Hey guys, I just started working on some Dubstep/drum n bass tracks.
Please check it out and let me know what you think, either over here or on the videos.


ANY kind of real criticism appreciated.

and here's a link to some of my older downtempo/electronica stuff:


That's not what I know as dubstep (dubstep is shite), I'd go with drum and bass.

They're pretty good for drum and bass tracks. I would say there could be some more variation, but drum and bass tracks are like that really.
hey! thanks a lot for listening

What kind of variation would you say? Subtle ones like a change in the drum pattern? or something like a change in the actual setup of the song (verse chorus bridge that kinda stuff)

Thanks again!
Real criticism? Production needs a lot of work--- like compression, EQ, etc... it is way too bassy--- and it isn't tight. It could be my system, but it needs better balance.

The playing seems quite tentative- which is odd, since I assume it is programmed and not live.

Drum programming was rather monotonous.

If you are into this genre, I was expecting more filtering, lo-fi effects, etc...

Finally, the parts all feel pasted together. The phrases start and stop very predictably. Consider using more transitions.
thanks a lot for that! really.
I agree it is really bassy, I'm still trying to figure out a good balance of frequencies.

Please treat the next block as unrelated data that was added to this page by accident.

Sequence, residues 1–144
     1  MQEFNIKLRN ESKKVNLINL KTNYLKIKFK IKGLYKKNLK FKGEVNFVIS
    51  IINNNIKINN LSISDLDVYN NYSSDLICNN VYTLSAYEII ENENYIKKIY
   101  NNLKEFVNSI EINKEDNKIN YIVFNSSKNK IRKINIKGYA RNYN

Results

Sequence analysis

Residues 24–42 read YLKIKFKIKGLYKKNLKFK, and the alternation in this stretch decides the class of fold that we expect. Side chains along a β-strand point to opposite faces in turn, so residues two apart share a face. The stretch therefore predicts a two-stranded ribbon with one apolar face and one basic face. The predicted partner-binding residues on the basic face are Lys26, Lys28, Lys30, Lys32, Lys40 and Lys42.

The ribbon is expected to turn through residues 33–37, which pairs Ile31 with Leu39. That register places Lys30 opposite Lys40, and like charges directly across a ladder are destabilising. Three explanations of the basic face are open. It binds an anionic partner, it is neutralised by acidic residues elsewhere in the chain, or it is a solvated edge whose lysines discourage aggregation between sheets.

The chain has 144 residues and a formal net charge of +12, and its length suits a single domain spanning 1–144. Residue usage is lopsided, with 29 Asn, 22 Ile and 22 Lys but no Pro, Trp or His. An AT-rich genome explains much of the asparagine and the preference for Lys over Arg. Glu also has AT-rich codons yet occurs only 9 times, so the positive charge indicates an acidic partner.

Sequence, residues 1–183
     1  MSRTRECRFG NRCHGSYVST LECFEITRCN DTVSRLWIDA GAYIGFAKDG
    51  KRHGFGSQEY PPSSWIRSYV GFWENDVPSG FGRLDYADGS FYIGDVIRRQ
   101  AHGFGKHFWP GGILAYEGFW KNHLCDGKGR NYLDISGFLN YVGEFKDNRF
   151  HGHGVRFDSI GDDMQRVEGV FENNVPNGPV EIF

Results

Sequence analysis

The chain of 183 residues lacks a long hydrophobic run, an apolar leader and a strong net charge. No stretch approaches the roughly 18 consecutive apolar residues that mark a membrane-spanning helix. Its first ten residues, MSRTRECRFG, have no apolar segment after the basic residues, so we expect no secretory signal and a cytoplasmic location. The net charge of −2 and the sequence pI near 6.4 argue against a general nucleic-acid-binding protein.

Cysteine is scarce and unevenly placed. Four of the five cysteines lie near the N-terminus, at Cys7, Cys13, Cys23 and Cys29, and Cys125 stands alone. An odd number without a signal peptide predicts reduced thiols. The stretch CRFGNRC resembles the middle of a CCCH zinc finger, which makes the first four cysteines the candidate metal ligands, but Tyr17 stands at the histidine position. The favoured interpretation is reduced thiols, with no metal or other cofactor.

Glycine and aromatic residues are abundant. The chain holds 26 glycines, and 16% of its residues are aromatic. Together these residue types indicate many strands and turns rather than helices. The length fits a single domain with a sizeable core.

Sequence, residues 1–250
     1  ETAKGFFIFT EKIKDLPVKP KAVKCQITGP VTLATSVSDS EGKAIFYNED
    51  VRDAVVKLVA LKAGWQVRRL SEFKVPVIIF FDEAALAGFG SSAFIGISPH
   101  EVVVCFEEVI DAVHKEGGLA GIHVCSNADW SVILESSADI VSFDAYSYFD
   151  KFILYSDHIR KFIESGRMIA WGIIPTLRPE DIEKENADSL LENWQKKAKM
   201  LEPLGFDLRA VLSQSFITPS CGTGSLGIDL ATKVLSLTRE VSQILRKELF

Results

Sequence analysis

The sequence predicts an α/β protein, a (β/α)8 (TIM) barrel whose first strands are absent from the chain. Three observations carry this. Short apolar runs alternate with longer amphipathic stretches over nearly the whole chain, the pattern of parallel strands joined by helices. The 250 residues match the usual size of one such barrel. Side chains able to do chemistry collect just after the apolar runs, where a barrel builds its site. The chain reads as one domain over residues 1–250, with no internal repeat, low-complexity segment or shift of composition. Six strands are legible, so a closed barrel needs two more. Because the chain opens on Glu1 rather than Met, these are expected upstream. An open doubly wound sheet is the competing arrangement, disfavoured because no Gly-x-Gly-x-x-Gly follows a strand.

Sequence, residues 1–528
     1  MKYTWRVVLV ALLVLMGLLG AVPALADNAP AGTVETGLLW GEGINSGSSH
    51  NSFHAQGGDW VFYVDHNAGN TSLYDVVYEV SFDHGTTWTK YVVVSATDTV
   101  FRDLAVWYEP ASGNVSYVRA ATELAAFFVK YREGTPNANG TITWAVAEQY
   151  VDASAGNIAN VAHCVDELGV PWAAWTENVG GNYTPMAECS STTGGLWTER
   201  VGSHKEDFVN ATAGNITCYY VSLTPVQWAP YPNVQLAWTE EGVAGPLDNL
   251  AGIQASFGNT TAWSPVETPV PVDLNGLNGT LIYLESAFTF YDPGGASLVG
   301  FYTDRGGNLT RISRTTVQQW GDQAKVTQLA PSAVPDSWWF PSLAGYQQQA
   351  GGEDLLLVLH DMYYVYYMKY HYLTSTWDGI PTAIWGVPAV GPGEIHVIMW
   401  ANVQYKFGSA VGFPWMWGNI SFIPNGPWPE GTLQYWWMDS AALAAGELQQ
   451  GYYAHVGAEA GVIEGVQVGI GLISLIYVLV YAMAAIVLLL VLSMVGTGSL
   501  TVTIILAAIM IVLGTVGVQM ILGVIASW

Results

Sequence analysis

Everything but the guitars are programmed.
Will work on the rest of the stuff

Again...thanks a lot!

EDIT: As for the filters, lo-fi stuff...That would be an error on my part. Forgot to mention that I'm not going for the traditional drum and bass sound. I don't know how to explain it but I guess it would be something like a fusion of trip-hop,electronica, downtempo, dubstep and drum n bass...if that makes sense.

Also, Could you suggest some things I could do to clean up the tracks? Some standard tips and tricks maybe?
Last edited by maggot4life at Jul 8, 2010,
I don't know what gear/software you are using-- but here are a few general tips for budget recording.

- never mix with headphones-- use some sort of monitors. If you are on a budget and using speakers, listen to a favorite song as reference and compare to it as you mix.

--you are generally better off mixing a bunch of mono tracks rather than stereo-- and it is better to record dry (you cannot remove an effect that has been already recorded). It is almost unfortunate that so much synth gear has stereo outs. A lot of "stereo" effects can mess with phasing in each channel-- and regardless, you lose control over the mix.

- cut your bass with low frequency roll-offs-- both for kicks and bass sounds. Thin your mids so they don't compete with bass, etc... you want to give each sound some space in the sonic spectrum.

-use compression as needed-- especially for bass, kicks, snares .

--aim for the highest bit stereo mixdown possible

--use some sort of soft limiting on your stereo mix to boost the levels (last two steps can possibly be combined these days-- depending on your system) as you convert to 16 bit or whatever.
I'm using Logic Pro, all the instruments (except guitar) and synths come from there.

I am mixing on speakers but the ones I got are absolute crap! saving up to get a decent pair.

Also, I record in 48Khz 24 Bit and I bounce it out as 44.1Khz 16 bit.

As for the rest of the stuff...thanks a million! Will get to work with it.

Just one more thing, about the limiters...I always put one on the stereo output channel and give it a 3dB gain and I think that is what's causing the boost in the low end. Seems to muddy up the mix.

Last edited by maggot4life at Jul 9, 2010,